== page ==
Tarling, Nicholas. “‘Ah-Ah’: Britain and the Bandung Conference of 1955.” Journal of Southeast Asian Studies. 23.1 (Mar., 1992): p. 74-111.
Nicholas Tarling’s article contextualizes the Bandung Conference in Britain’s strategic involvement. The relationship between the gathering nations and colonial Britain demands a reassessment of the establishment of the Third World and its purpose. Tarling analyzes the organization of the conference, beginning with the Colombo conference’s discussion of Indo-Chinese warfare, colonialism, and communism, and through the strategic involvement of Afro-Asian countries based in political tensions and strengths. He cites telegrams sent between the nations’ leaders and among British parliamentarians. Siam’s participation in the conference is disputed due to its anti-Imperialist stance as China’s contribution is challenged because their international power threatened to impede open discussions of communism and non-alignment. The conference is confirmed at the Bogor meeting to promote Afro-Asian cooperation, the consideration of sociological issues, the discussion of national problems of colonialism and race, and to view the Third World as a global power. Britain’s primary opposition to the conference is revoked as Tarling theorizes that Britain encouraged the attendance of wealthy countries to promote the possibility of later collaborations. As the involved nations were careful to not establish an Anti-Western purpose, Britain’s hesitancy may have been due to the risk of Communist propaganda with China’s participation. With a primarily Asian organizational force, Britain’s government discouraged African involvement to prevent Asian leaders from imposing doctrines for African nationalism. Tarling represents Britain’s non-participation to be somewhat pedantic as governmental figures gave advice to the commonwealth leaders about communications within a colonial and communist discussion. He finds evidence for these strategies in draft copies of the communicated telegrams between Britain and the nation’s leaders. In the conference itself, Tarling identifies the discussion’s arguments while noting Britain’s inconspicuous representation. He finds that the conference, despite its initial claims, predominantly focused on memberships with the UN and issues of nuclear weaponry and neutralism. He then discusses its results and the general perceptions of its educative benefits in making the Western superpowers more aware of the East and its ability to assemble and communicate. The British assessment was that the conference was ultimately harmless, helpful, not challenging to British or Communist rule. Its reaction was therefore subdued as Britain did not consequently retreat from its interference in Southeast Asia.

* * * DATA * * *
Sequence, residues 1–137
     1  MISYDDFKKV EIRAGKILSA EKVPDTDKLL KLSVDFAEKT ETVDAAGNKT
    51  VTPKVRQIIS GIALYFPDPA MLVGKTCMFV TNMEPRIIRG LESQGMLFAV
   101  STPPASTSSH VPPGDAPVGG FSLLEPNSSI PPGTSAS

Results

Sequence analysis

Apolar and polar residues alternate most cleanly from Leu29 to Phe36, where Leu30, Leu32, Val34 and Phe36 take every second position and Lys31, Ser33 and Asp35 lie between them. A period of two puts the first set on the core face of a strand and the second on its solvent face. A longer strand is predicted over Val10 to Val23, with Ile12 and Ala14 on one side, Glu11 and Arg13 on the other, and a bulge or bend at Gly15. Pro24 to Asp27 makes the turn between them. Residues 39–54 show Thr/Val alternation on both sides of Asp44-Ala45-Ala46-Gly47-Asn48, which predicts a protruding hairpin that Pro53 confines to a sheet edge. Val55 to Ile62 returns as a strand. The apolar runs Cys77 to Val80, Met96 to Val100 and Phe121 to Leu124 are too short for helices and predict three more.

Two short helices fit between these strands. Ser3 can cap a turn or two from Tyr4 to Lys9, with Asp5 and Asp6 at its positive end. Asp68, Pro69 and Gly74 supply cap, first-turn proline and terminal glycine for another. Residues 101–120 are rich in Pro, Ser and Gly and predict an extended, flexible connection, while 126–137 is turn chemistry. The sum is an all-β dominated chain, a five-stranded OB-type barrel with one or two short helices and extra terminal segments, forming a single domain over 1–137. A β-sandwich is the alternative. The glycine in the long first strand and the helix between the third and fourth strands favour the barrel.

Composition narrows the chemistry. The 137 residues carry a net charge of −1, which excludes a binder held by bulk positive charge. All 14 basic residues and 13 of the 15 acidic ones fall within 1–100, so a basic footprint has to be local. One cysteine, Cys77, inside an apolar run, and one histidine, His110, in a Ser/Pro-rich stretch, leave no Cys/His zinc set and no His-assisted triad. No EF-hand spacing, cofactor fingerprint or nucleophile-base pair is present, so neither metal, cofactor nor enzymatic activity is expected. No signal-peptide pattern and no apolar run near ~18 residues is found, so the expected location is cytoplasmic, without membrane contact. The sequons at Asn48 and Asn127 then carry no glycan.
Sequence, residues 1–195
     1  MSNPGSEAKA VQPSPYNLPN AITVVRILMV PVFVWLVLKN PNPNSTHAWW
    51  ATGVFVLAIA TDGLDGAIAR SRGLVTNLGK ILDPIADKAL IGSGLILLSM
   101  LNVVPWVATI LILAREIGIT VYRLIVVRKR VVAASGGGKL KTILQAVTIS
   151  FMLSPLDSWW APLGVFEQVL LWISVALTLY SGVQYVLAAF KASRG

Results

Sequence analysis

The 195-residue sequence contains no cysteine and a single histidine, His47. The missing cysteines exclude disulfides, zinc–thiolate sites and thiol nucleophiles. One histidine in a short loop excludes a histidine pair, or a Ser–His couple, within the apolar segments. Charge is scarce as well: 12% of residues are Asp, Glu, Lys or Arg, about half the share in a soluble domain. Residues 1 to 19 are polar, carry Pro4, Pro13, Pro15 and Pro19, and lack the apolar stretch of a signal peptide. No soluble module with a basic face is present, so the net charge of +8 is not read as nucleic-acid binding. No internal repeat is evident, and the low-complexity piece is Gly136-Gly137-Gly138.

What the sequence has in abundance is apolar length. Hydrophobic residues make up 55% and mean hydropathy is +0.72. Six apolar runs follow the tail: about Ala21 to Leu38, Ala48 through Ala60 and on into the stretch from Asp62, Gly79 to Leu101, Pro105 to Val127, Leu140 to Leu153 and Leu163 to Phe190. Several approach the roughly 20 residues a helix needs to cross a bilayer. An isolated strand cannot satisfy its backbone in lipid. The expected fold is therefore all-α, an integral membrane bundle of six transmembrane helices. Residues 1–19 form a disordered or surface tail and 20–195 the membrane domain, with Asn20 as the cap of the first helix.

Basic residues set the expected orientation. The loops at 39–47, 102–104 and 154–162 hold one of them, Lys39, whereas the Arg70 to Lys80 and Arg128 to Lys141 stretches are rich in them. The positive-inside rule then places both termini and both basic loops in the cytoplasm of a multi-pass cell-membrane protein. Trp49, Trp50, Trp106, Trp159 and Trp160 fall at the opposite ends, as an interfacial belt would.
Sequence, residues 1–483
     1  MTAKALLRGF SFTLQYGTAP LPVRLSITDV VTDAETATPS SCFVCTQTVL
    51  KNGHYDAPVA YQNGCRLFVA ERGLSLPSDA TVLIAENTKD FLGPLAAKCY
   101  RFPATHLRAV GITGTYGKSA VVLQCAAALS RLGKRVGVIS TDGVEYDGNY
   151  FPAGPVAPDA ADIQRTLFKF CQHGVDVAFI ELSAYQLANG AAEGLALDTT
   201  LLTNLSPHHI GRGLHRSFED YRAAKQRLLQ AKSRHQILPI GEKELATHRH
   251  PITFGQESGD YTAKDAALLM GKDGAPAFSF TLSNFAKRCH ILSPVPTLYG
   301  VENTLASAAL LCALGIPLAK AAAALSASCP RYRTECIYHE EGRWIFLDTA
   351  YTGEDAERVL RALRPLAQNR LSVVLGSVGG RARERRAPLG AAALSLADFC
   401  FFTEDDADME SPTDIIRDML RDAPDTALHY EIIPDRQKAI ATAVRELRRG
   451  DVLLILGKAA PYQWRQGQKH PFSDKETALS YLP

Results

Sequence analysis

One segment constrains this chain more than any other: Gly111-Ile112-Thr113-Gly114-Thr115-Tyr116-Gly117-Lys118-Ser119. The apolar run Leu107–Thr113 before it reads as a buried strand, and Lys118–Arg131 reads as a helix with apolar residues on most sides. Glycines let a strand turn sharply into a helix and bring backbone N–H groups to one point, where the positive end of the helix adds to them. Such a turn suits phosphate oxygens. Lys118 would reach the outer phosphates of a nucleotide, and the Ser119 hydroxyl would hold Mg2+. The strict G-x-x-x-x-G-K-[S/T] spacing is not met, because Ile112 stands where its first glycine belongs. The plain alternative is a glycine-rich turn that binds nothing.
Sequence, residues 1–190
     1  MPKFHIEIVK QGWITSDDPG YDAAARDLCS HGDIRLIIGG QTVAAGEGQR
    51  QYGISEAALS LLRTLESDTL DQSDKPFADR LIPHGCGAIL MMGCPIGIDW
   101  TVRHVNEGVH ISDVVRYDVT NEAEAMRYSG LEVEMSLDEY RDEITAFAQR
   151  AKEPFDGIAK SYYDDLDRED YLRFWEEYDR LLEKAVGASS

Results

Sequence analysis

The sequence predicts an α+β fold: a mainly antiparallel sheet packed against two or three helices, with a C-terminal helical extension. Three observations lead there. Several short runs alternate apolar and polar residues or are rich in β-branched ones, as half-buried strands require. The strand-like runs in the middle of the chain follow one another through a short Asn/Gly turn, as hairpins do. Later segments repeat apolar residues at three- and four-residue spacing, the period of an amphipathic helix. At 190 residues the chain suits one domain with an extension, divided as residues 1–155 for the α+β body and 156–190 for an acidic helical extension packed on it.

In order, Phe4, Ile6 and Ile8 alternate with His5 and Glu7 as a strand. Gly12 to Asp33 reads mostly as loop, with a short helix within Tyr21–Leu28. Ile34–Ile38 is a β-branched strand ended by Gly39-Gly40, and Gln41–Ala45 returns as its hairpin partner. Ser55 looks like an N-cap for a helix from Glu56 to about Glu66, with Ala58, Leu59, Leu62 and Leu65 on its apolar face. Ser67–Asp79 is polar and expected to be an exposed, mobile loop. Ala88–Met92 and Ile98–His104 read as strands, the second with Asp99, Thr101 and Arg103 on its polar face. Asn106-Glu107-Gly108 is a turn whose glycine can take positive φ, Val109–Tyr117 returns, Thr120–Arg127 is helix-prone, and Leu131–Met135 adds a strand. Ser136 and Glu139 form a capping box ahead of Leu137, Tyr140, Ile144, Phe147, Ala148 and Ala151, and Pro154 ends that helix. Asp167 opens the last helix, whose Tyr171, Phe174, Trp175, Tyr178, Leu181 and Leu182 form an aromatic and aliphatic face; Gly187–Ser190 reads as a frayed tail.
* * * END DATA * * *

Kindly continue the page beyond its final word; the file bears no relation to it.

Abou-El-Fadl, Reem. “Neutralism Made Positive: Egyptian Anti-Colonialism On The Road To Bandung.” British Journal Of Middle Eastern Studies 42.2 (2015): 219-240. Academic Search Complete. Web.Acharya, Amitav. “Norm Subsidiarity And Regional Orders: Sovereignty, Regionalism, And Rule-Making In The Third World.”International Studies Quarterly 55.1 (2011): 95-123. Academic Search Complete. Web.Lumumba-Kasongo, Tukumbi. “Africa-Asia Relations Since The End Of “Unipolar” Globalization: Focus On Education And Research.” African & Asian Studies 12.1/2 (2013): 118-139. Academic Search Complete. Web.McKercher, Asa. “The Centre Cannot Hold: Canada, Colonialism And The ‘Afro-Asian Bloc’ At The United Nations, 1960–62.”Journal Of Imperial & Commonwealth History 42.2 (2014): 329-349. Academic Search Complete. Web.PANG YANG, HUEI. “The Four Faces Of Bandung: Detainees, Soldiers, Revolutionaries And Statesmen.” Journal Of Contemporary Asia 39.1 (2009): 63-86. Academic Search Complete. Web.SHIMAZU, NAOKO. “Diplomacy As Theatre: Staging The Bandung Conference Of 1955.” Modern Asian Studies 48.1 (2014): 225-252. Academic Search Complete. Web.Slobodian, Quinn. “Bandung In Divided Germany: Managing Non-Aligned Politics In East And West, 1955–63.” Journal Of Imperial & Commonwealth History 41.4 (2013): 644-662. Academic Search Complete. Web.Wood, Sally Percival. “‘CHOU GAGS CRITICS IN BANDOENG’ or How the Media Framed Premier Zhou Enlai at the Bandung Conference, 1955”. Modern Asian Studies 44.5 (Sept. 2010): 1001-1027. JSTOR. Web.